Contrary to popular belief, people with heart failure can work out at the gym, ride bikes and participate in other exercises that once were considered dangerously strenuous, a large study led by Duke University researchers has found.
The findings free heart patients to be active, and are likely to fuel an effort to change public policy, authors say. Currently, Medicare and many private insurers do not cover doctor-guided exercise programs for patients who have heart failure.
The disease, which afflicts 5 million Americans, is diagnosed when the heart loses pumping force because of blockages, a heart attack or other causes. Treatments costs Medicare more than $4.5 billion a year.
For many doctors, the lack of insurance coverage was stuck in old fears that exercise would create a strain that could kill heart failure patients. In more recent years, smaller studies have shown that exercise is helpful, but the findings weren't large enough to influence coverage decisions.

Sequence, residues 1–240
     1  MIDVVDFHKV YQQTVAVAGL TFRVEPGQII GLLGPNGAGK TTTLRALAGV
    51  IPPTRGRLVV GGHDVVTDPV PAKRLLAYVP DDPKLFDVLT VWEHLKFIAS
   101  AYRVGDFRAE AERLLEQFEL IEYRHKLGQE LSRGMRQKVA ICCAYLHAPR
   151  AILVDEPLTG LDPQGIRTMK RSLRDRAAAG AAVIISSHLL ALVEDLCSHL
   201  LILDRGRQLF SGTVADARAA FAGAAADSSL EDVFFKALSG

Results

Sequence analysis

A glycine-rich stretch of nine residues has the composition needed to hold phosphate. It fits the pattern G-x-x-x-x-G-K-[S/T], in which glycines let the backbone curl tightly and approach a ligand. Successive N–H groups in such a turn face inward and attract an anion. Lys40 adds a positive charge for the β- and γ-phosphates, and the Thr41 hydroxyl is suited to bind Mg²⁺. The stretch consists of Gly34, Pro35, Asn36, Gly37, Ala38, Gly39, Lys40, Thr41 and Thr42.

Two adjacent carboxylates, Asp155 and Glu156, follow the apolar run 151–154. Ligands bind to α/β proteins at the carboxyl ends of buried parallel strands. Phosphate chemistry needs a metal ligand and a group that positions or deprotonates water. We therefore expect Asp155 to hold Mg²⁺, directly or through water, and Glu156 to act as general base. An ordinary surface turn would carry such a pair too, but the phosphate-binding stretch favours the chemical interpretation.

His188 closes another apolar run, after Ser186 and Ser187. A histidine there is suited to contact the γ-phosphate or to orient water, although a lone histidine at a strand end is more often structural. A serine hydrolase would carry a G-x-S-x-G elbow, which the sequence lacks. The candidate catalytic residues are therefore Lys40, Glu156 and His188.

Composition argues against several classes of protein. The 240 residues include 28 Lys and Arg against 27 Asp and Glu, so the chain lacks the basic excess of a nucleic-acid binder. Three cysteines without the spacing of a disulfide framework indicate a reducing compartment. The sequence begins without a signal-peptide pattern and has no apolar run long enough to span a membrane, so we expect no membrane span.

The Duke study was designed in size and scope to be definitive. It followed 2,331 patients at 82 health centers in the United States, Canada and France for more than two years. Half the patients got the normal care, including checkups and hypertension drugs. The other half got normal care, plus they were asked to start exercising on a treadmill or stationary bike for 30 minutes at least three times a week.
“We were very pleased, first and foremost, to see the safety,” said Dr. Christopher O'Connor, a Duke cardiologist who presented the study's findings Tuesday during a meeting of the American Heart Association.
But there wasn't a blockbuster finding that exercise is hugely beneficial to heart failure patients. Physical activity appears to offer no extra protection from overall hospitalizations or death, although it does result in a 15 percent lower risk of major cardiac events.
O'Connor said exercise might actually be more helpful than the findings indicate, because the study skewed care. Participants in the non-exercise group got intensive time and attention from doctors as part of the research, and some may have worked out on their own – factors that likely improved their health.